As a whole, the continent spends 6 percent of annual GDP on health care, relatively low in comparison with the global average of 9.9 percent. However, the AfCFTA could have a significant impact on private health sectors across the continent. With GDP expected to rise, funding for health care and public health initiatives could also increase, giving way to a system better suited to handle disease outbreaks.
Many countries in Africa, particularly in the sub-Saharan region, are burdened by medicine shortages. According to the National Center for Biotechnology Information, roughly 6 million Africans die every year from treatable diseases like tuberculosis and malaria, while the WHO estimates that almost half of the continent’s population are at risk due to essential medicine shortages. Eliminating tariffs on medicines and medical supplies is one step that could improve access to these essential resources. Eight African countries have vaccine tariffs above 5 percent, including Chad, Ghana, DR Congo and Sierra Leone, nations disproportionately affected by preventable diseases.
Improving Food Security
Food insecurity has been an ongoing problem in many of Africa’s developing countries. Hunger in the region stems from a number of complications including conflict, political corruption, economic dysfunction and environmental inconsistency. Adverse economic conditions are a major barrier to increased food security, as many countries cannot afford to import food if agricultural production is low. However, with the elimination of tariffs, the AfCFTA makes it easier and more affordable for countries to export and import food within the continent. Countries like Senegal, who rely on imports for almost 50 percent of their grain consumption, will benefit financially from the eradication of tariffs.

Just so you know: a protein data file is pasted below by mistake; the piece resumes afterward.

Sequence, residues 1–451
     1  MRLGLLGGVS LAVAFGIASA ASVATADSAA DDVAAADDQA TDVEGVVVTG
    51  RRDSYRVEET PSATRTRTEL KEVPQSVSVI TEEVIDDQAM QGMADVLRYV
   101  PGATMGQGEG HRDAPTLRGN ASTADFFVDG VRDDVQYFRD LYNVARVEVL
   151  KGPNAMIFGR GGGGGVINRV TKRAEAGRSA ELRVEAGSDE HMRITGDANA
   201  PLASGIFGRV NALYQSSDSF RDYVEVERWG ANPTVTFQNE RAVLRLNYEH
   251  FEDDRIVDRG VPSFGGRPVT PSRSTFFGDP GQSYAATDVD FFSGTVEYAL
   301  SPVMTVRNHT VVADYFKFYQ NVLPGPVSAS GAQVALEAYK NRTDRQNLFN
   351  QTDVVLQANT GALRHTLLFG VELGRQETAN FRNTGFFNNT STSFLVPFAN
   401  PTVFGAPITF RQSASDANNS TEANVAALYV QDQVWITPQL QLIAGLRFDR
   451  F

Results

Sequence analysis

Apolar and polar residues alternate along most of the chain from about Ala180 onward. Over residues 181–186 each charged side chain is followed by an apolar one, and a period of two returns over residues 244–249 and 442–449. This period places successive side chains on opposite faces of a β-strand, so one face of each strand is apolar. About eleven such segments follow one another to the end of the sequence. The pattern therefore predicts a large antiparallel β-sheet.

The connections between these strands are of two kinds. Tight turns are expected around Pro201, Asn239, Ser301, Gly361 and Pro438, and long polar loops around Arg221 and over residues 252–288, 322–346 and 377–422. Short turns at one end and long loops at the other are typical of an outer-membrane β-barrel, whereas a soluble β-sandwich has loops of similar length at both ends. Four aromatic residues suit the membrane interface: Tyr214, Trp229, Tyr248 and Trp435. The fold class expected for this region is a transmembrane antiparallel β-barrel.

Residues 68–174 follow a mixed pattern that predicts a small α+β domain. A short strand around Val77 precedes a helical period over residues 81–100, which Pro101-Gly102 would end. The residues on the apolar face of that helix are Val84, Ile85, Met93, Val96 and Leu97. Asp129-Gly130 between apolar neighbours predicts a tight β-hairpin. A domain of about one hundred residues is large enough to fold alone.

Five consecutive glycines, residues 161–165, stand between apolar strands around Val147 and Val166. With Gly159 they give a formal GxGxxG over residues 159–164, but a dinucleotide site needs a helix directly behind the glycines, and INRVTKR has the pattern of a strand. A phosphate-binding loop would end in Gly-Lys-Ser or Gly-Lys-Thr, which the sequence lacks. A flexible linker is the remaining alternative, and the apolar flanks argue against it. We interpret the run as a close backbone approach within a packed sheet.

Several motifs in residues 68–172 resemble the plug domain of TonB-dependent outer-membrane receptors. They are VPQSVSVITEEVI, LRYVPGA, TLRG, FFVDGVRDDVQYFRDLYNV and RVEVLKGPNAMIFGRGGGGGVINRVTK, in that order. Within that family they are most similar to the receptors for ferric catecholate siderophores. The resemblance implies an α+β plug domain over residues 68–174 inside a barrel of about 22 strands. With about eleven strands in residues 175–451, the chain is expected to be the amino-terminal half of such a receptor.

There is a strong link between food security and investments in food infrastructure. Countries with inadequate food production and distribution systems have higher rates of undernourishment. But with the AfCFTA expected to spark growth among small to medium enterprises, private sector food production and distribution could subsequently improve.
Future of African Trade Deal
Africa is home to some of the worlds fasted growing economies. Twenty African countries have forecasted economic growth for the coming decade that exceeds the global average. The AfCFTA is designed to ensure this economic growth is sustainable by streamlining intercontinental trade and diversifying African markets. And while a stout list of barriers still stand in the way of improving living conditions and alleviating poverty, the African trade deal has the potential to bring new jobs to communities across the continent, improve health care and access to medicine and bolster food security.
The AfCFTA still has a few final steps before its implementation. Nigeria, one of Africa’s most economically influential nations, still hasn’t signed on. Meanwhile, five countries still need to ratify the deal before it is put into effect. The African Union is hopeful that by the end of March the 22 required countries will have authorized the deal and that by 2020 the international community could have a powerful new trading partner.
– Kyle Dunphey